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China and Russia Haggle Over Energy Deal Prices

China, the world’s second largest economy, has made no secret of its interest in securing Russian energy exports, while Moscow has done little to hide its interest in supplying it.

Recent discussions and future export projects are increasingly getting mired in discussions over cost, with Beijing seeking long-term fixed price contracts, an arrangement that the Russian Federation’s leading energy companies are most reluctant to agree to.

Several months ago during a visit to the Russian Federation China's President Hu Jintao spoke about bilateral Sino-Russian trade doubling within the next four years from $55 billion in 2010 to $100, to double again to $200 billion by 2020, driven mainly by Russian energy exports to China, including oil, gas, hydro-electricity and coal.

As a non member of the Organization of Oil Exporting countries, the Russian Federation is not constrained by OPEC quotas and is eager to export as much oil and natural gas as possible when prices are high and is balking at China’s insistence on long-term, fixed price contracts, The Japan Times reported.

China has bluntly informed Russia that unless acceptable pricing arrangements for both pipeline oil and natural gas are agreed in advance, the promised energy cooperation will not go ahead as planned.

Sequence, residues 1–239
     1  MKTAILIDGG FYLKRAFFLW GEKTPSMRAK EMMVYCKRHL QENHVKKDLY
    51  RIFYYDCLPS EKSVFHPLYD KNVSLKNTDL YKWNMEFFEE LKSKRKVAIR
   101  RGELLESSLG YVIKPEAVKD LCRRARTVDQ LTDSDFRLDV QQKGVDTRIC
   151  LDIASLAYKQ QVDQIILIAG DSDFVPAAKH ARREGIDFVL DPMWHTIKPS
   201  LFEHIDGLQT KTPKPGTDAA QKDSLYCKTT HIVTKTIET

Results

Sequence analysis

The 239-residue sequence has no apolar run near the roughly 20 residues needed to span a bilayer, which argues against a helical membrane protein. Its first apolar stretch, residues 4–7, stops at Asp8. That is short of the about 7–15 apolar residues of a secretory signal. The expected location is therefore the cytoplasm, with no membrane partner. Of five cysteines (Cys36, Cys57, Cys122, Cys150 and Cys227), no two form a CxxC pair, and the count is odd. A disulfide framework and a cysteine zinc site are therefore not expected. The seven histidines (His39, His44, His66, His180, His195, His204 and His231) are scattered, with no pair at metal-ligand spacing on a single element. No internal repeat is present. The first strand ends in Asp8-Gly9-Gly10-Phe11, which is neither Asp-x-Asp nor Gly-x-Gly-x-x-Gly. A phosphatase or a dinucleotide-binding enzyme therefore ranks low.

By. Joao Peixe, Deputy Editor OilPrice.com




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  • Anonymous on September 19 2011 said:
    China may have held out too long. Japan's need for LNG, following the damage to its nuclear facilities from the Sendai earthquake, has pushed Asian spot LNG prices up 50% to $17/MMBtu recently. More bad news: According to the Jakarta Post, Indonesia is pressing China to increase the price it pays for Tangguh LNG.
  • Anonymous on September 20 2011 said:
    An interesting and important comment Robert Price. Now the folks in the cheap seats know why Big Gas called Sarah Palin's proposal for a gas pipeline from Alaska or Northern Canada to Chicago "Politically smart but economically stupid". They want to sell gas in Asia.But don't worry. Japan's interest in extra gas is a short to medium term move.Nuclear is in the books for them.

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